Prospect theory is a behavioral economic theory that describes the way people choose between probabilistic alternatives that involve risk, where the probabilities of outcomes are known. The theory states that people make decisions based on the potential value of losses and gains rather than the final outcome, and that people evaluate these losses and gains using certain heuristics. The model is descriptive: it tries to model real-life choices, rather than optimal decisions. The theory was developed by Daniel Kahneman and Amos Tversky in 1979 as a psychologically more accurate description of decision making, comparing to the expected utility theory. In the original formulation the term prospect referred to a lottery.

The paper “Prospect Theory: An Analysis of Decision under Risk” has been called a “seminal paper in behavioral economics”.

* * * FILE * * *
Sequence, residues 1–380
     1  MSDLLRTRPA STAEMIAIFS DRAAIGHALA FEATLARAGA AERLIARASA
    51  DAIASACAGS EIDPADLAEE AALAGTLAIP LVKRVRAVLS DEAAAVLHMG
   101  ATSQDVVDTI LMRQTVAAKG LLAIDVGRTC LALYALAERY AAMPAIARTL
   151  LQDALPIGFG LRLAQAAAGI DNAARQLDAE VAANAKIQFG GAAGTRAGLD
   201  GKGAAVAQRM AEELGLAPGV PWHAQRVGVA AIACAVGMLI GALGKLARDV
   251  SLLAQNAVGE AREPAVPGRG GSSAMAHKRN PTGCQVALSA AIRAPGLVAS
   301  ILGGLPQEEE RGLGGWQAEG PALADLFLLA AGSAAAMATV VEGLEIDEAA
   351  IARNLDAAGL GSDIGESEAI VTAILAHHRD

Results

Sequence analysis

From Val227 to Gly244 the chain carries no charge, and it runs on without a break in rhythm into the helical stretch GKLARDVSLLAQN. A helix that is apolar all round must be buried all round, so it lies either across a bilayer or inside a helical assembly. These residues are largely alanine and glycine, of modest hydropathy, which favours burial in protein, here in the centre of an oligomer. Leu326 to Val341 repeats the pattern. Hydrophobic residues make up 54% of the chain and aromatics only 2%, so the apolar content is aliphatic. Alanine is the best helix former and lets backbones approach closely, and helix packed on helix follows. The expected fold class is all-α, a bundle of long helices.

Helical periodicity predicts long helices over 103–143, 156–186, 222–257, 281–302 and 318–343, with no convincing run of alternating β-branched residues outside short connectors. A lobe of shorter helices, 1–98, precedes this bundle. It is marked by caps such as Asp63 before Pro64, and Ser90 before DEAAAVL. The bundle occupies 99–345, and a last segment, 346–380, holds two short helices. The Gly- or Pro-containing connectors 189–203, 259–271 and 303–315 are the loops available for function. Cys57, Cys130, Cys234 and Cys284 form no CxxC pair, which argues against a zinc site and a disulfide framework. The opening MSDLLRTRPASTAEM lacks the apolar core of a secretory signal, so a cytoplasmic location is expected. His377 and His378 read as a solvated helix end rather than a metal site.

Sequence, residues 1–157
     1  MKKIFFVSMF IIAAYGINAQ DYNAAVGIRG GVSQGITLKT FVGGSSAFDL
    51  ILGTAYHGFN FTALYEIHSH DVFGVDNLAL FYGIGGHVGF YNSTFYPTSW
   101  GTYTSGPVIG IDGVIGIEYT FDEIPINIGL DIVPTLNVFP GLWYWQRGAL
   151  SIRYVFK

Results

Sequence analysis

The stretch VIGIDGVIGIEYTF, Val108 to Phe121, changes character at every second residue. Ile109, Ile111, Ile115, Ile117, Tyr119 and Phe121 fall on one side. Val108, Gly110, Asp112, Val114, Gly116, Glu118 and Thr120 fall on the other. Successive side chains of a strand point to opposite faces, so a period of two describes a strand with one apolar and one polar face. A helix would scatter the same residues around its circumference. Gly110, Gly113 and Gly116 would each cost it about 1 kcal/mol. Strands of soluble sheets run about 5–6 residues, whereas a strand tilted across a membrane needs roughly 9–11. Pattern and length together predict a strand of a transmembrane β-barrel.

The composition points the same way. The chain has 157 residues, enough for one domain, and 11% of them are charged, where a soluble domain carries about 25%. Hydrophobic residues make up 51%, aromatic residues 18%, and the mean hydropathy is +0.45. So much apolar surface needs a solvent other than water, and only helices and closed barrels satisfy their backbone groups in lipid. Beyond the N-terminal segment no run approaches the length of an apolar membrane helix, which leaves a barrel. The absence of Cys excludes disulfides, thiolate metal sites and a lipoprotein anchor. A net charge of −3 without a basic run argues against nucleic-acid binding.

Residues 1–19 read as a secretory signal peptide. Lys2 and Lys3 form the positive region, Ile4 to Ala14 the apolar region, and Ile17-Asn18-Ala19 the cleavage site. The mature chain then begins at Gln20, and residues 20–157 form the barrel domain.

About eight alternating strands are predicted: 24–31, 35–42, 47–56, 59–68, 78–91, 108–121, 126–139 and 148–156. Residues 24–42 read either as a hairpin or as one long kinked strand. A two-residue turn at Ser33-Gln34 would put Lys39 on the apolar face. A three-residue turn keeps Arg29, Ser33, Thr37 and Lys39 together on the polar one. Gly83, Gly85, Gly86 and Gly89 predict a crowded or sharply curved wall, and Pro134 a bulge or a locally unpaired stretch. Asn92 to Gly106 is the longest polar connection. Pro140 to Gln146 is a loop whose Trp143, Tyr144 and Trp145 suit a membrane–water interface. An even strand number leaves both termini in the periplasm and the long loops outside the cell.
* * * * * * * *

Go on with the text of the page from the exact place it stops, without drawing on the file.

The theory describes the decision processes in two stages: editing and evaluation. During editing, outcomes of a decision are ordered according to a certain heuristic. In particular, people decide which outcomes they consider equivalent, set a reference point and then consider lesser outcomes as losses and greater ones as gains. The editing phase aims to alleviate any Framing effects. It also aims to resolve isolation effects stemming from individuals’ propensity to often isolate consecutive probabilities instead of treating them together. In the subsequent evaluation phase, people behave as if they would compute a value (utility), based on the potential outcomes and their respective probabilities, and then choose the alternative having a higher utility.

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